In light of Wick rotations is position and time on the same footing in QFT?
In relativistic QFT, location and time are on the same footing in the same sense that they're on the same footing in classical special relativity. They're on the same footing in the sense that they are both used to parameterize the field operators (in the Heisenberg picture) and can be mixed with each other by symmetries, but the signature is still Lorentzian, so timelike directions are still distinguished among all directions in spacetime.
Wick rotation to Euclidean signature makes them even more on the same footing, in the sense that timelike directions are no longer distinguished among all directions after Wick rotation. One way to answer your question, then, is to think of things the other way around: start in Euclidean signature, then Wick rotate to Lorentzian signature. From this perspective, Wick rotation is what introduces a set of distinguished directions (the timelike ones).
When we say that space and time are on equal footing in QFT, we mean that they are both treated as continuous parameters, as opposed to in quantum mechanics where $t$ is a parameter, but $X$ is an operator.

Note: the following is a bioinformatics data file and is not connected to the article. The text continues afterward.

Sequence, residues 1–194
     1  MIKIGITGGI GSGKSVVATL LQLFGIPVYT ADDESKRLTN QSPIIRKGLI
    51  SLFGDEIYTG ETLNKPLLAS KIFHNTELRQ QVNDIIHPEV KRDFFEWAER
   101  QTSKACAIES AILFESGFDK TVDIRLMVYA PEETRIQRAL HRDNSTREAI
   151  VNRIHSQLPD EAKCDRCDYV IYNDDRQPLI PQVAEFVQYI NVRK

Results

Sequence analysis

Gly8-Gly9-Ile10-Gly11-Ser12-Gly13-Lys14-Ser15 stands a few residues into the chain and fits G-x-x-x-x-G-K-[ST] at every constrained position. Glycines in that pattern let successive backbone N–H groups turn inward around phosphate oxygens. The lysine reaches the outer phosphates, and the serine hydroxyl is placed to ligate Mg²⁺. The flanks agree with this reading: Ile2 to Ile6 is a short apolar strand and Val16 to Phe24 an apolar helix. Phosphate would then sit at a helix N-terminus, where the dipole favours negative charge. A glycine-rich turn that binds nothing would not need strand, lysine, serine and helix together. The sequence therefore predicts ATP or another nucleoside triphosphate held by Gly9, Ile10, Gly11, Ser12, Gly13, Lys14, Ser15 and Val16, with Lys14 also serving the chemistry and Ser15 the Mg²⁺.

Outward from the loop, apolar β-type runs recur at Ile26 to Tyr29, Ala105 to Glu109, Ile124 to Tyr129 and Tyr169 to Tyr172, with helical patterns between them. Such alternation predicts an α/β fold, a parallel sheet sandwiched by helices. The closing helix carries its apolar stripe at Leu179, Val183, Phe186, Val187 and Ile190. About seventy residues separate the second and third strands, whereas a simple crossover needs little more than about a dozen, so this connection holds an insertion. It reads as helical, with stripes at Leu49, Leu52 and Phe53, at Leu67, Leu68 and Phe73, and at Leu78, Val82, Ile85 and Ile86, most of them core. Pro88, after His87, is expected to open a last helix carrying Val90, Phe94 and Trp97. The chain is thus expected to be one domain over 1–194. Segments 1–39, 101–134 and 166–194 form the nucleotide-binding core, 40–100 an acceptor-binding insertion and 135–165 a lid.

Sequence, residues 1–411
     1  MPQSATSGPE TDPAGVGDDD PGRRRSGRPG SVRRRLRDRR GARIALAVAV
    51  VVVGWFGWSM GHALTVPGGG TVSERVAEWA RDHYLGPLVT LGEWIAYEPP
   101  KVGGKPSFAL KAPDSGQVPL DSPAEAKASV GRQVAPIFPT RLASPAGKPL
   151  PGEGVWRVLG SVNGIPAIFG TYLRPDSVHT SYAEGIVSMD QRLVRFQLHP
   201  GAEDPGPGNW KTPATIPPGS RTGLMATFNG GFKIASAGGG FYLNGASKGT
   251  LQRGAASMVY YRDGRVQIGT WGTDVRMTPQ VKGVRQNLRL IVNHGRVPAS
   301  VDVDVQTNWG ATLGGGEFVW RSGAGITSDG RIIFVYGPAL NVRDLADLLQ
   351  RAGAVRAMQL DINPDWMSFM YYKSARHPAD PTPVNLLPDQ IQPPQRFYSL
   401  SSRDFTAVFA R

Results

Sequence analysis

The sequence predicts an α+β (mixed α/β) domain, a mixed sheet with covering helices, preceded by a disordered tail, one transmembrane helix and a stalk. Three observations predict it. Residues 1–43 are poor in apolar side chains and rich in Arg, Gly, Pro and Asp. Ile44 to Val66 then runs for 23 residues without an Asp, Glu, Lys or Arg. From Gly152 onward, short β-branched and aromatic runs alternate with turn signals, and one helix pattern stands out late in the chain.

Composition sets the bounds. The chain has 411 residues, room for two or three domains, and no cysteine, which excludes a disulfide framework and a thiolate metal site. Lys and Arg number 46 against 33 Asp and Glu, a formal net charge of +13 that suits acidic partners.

Treating them on equal footing does not mean that they must be exactly the same: space and time in QFT are related to each other the same way space and time in classical special relativity are related to each other. Indeed, the Lorentz transformations of special relativity act on quantum fields the same way they act on the coordinates of spacetime in the classical setting - this is why QFT hinges on representation theory of the Lorentz and Poincare groups.
Wick rotation changes this situation, by replacing $t$ by $i \tau$ we turn $ -dt^2 + dx^2 + dy^2 + dz^2$ into $d\tau^2 + dx^2 + dy^2 + dz^2$, and time is now treated in an exactly symmetrical fashion with space. The Lorentz group $SO(3,1)$ becomes the Eucliean rotation group $SO(4)$.
Remember that Wick rotation is a computational trick used to improve the mathematical properties of the formalism.